Kevin and Eric decided to create FOR498 in response to growing demand from SANS students for more guidance on data acquisition. Traditionally, law enforcement officers who enrolled in SANS forensics classes already had forensics experience and a strong working knowledge of how to image a device. However, examiners outside of law enforcement are often not as familiar with imaging. In addition, data acquisition and forensics are more challenging than ever before because of the constantly increasing numbers and sizes of data sets and the more complex nature of acquiring evidence from so many different types of devices and repositories. With any given hard drive, forensicators might have to deal with 1, 2, or even 4 terabytes of data, and traditional ways to get at those data are no longer tenable.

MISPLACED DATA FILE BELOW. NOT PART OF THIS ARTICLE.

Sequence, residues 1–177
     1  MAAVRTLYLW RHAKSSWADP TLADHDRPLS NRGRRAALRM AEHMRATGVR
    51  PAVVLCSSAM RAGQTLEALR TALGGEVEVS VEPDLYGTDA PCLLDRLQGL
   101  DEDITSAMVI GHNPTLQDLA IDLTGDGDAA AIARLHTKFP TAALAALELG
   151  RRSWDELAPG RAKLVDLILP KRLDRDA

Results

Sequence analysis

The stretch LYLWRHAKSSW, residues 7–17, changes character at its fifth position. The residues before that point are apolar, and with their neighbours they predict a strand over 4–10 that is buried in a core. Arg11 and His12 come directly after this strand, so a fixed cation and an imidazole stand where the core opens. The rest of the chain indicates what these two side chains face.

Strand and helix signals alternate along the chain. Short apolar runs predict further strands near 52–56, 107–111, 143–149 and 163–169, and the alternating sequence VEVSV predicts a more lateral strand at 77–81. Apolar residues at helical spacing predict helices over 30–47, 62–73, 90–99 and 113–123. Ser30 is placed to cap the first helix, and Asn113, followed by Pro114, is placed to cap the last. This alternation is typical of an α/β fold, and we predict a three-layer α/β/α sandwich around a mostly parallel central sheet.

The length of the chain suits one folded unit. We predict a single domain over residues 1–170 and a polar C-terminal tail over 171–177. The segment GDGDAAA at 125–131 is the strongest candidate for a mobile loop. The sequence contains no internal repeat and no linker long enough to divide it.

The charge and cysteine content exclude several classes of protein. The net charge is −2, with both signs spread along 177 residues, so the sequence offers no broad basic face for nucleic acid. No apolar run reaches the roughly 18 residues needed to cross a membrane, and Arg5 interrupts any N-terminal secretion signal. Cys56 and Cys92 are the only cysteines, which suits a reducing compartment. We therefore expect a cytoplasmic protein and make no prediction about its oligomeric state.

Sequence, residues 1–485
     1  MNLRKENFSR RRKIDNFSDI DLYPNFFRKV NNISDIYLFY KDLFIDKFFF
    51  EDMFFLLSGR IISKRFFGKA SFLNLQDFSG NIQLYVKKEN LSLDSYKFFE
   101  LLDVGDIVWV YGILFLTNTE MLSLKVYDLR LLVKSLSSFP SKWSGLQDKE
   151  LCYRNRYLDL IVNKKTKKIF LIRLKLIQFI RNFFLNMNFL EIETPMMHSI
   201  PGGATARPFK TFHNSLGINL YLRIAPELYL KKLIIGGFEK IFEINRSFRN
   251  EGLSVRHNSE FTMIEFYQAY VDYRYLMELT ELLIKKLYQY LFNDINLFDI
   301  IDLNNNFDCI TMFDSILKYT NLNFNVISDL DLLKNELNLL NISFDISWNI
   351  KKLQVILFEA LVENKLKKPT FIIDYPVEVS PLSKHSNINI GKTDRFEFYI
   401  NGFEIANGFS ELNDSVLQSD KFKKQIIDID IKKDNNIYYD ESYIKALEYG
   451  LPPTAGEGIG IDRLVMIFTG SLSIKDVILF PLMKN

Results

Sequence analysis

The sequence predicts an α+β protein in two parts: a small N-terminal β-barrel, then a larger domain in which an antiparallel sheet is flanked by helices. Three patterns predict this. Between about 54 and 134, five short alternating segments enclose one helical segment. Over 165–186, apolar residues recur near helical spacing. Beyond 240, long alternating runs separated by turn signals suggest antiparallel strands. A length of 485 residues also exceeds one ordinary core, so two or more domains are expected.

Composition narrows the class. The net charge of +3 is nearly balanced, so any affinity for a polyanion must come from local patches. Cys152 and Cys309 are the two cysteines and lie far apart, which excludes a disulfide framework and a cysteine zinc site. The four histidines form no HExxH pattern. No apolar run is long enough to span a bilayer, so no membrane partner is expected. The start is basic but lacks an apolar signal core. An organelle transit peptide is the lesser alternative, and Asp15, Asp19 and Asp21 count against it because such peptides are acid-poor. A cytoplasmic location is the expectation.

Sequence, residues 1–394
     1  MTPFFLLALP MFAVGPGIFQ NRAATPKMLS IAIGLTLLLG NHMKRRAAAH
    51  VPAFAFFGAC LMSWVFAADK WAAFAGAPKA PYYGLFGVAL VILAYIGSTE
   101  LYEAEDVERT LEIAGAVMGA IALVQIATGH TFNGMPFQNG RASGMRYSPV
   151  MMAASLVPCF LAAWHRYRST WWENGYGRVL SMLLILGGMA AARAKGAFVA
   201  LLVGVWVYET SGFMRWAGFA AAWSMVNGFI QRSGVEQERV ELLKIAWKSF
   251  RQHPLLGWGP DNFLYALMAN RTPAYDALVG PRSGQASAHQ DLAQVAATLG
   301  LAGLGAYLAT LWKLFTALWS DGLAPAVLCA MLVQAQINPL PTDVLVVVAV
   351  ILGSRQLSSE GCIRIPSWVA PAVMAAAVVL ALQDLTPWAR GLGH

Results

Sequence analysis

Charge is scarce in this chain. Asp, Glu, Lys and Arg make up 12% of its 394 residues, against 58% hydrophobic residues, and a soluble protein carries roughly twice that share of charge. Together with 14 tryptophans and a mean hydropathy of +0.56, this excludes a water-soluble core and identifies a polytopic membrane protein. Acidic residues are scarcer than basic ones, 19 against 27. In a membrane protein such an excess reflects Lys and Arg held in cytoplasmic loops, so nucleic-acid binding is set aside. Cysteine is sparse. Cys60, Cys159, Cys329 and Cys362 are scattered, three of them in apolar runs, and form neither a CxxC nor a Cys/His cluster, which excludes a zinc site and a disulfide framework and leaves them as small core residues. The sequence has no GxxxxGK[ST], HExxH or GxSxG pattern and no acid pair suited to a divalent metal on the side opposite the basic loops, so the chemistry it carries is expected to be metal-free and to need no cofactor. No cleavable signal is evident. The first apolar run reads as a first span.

As Kevin points out in a webinar about FOR498, attacks require not only a thorough investigation but also one that produces evidence quickly. Take, for example, the Las Vegas mass shooting in October 2017, the deadliest in modern U.S. history. Investigators got to work right away, especially since there were concerns about possible accomplices who might have fled the scene. At the same time, investigators had to work thoroughly to try and determine the shooter’s motives, including documenting his Internet search history and examining all computers and cell phones tied to the case. Of note, it was reported that a hard drive in a laptop found in the shooter's hotel room was missing, and that the shooter had purchased software designed to erase files from hard drives.
Actionable Intelligence in 90 Minutes or Less